The Electronic Reusing Association, an offshoot of a long-running Canadian group, is making early inroads into the U.S. market with the goal of making technology more accessible to those in need. The group is focusing its rollout on two of the country’s largest tech hotbeds—Seattle and Silicon Valley.
An association that’s making its first appearance in the United States has a pretty promising offer for volunteers who devote their time to the cause: Spend 24 hours working with us, and we’ll give you a free laptop.
The Electronic Reusing Association (ERA), a group that aims to extend the life of discarded gadgets, is launching depots in two cities in the American market, Seattle and San Jose, California, after 15 successful years in the Canadian market. The two cities are in the vicinity of some of the world’s largest technology companies, including Amazon, Microsoft, Google, Nintendo of America, and Apple.
As part of its border-crossing shift, ERA changed its name but not its mission. Launched in Canada as the Electronic Recycling Association, the group has strong ties to the immigrant community. Its founder, Bojan Paduh, came to Canada from Croatia and originally founded the group to improve the access that immigrants and charities have to technology.
In the midst of the refugee crisis of late 2015 and early 2016, for example, the organization played a central role in helping to bring recycled gadgets to those refugees—many of whom found themselves in Canada. With outposts in most of Canada’s large cities—among them Toronto, Montreal, Vancouver, Calgary, and Winnipeg—ERA was well-positioned to offer assistance during that time.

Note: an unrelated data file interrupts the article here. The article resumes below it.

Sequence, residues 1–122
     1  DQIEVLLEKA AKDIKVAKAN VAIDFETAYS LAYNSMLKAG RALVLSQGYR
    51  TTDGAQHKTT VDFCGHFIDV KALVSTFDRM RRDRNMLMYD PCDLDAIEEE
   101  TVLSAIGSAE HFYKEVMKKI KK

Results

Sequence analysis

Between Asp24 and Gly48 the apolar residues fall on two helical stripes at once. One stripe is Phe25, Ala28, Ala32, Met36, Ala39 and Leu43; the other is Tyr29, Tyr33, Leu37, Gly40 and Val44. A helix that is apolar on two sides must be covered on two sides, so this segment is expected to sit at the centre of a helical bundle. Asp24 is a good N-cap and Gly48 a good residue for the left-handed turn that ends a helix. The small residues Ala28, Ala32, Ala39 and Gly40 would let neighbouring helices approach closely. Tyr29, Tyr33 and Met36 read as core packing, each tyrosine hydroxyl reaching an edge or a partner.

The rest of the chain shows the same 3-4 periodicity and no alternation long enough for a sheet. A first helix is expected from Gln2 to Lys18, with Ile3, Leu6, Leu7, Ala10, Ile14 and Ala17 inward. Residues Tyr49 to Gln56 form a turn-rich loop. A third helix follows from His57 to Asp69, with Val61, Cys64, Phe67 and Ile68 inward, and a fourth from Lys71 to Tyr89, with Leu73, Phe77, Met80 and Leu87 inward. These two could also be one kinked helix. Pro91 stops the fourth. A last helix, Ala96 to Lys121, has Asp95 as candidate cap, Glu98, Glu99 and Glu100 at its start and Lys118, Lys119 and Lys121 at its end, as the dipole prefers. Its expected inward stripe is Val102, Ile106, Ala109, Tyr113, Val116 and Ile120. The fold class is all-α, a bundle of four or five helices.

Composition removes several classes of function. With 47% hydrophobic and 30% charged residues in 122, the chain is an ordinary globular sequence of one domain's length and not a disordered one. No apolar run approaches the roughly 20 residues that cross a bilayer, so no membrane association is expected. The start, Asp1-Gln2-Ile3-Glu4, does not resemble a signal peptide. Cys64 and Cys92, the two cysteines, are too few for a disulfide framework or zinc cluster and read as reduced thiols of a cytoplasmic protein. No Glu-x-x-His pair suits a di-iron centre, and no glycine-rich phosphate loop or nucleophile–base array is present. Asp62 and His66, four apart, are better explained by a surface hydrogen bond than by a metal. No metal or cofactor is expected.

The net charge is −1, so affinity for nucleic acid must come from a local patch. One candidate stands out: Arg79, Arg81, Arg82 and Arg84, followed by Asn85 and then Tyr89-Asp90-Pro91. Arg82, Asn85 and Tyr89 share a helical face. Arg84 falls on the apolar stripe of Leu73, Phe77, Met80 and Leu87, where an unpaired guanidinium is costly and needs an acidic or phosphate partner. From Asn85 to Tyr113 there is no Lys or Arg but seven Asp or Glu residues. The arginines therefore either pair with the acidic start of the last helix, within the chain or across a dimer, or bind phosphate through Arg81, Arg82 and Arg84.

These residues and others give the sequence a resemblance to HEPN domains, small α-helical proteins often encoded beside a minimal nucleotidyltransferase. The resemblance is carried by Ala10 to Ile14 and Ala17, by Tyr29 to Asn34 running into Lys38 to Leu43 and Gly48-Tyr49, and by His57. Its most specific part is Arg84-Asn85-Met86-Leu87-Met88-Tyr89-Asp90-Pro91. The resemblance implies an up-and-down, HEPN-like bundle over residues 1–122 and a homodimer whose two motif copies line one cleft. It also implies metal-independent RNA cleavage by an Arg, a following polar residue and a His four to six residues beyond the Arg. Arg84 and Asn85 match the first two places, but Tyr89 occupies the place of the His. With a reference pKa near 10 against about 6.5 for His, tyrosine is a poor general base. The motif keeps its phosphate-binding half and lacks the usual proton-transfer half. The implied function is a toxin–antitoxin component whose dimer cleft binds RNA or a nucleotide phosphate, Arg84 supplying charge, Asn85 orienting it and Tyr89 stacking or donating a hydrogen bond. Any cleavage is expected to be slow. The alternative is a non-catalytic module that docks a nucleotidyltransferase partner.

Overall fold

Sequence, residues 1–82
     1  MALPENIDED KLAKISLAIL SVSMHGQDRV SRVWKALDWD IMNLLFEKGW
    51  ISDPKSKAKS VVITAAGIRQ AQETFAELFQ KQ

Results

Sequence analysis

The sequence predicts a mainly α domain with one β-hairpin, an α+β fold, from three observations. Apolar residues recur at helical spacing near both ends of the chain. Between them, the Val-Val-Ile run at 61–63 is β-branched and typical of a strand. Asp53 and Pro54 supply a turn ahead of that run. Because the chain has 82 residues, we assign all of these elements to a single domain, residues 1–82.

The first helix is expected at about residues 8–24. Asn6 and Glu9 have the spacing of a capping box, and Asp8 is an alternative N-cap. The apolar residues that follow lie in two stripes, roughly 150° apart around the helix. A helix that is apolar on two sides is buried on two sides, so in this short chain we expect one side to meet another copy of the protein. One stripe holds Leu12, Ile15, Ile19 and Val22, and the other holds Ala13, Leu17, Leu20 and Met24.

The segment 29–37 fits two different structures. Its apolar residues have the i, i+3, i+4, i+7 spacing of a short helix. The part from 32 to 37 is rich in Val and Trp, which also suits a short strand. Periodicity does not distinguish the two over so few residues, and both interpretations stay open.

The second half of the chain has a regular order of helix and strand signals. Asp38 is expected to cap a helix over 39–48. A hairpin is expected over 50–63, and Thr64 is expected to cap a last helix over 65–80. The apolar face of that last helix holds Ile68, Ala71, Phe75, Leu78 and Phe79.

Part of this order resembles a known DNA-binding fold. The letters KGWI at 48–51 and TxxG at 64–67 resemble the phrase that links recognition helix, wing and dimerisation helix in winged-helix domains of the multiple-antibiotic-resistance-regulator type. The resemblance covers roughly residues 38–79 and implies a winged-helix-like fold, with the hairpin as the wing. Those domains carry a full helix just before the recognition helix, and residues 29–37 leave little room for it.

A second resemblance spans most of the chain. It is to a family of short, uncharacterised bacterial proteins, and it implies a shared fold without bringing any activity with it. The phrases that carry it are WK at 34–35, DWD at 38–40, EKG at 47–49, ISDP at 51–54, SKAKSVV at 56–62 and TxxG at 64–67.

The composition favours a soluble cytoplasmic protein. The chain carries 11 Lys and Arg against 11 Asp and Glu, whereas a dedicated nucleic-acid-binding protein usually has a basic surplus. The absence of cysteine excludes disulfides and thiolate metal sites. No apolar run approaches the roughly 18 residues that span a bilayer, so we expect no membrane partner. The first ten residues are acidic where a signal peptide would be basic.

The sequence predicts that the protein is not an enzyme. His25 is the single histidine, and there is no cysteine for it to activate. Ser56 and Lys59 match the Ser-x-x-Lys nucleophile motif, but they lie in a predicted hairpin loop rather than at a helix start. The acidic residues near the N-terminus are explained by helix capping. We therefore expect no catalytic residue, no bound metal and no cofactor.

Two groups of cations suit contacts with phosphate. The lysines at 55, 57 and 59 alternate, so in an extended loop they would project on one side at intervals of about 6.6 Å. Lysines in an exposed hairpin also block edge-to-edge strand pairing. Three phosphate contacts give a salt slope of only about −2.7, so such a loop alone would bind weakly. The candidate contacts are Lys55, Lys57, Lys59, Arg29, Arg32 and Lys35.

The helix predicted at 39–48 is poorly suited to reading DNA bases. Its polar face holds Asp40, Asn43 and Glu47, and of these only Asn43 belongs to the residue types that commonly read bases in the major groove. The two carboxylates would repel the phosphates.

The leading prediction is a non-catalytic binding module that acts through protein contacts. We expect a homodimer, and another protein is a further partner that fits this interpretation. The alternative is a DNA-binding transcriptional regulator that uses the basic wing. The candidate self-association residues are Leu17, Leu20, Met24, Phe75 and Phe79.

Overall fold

So why make the move into the U.S.? Speaking to Waste Advantage last year, Paduh noted that the U.S. market was in need of a similar service and that it was a dream of his to make the expansion.
“Over the years I have noticed a major niche in the market for a company like ERA to operate in the U.S.,” he told the outlet. “We, as a team, are really excited to see where this journey takes us and look forward to creating meaningful relationships that prosper throughout the U.S. over the coming years.”
The association hopes to expand into other cities but right now is focused on its initial launch period, which includes splashy donations.
“We are looking to donate over 100 laptops and 100 computers to charities and schools in the Seattle area to mark ERA’s grand opening in the U.S. market,” Paduh recently told Seattle Weekly. “Many companies and individuals just throw their old devices away; we believe there is another option—reusing electronics.”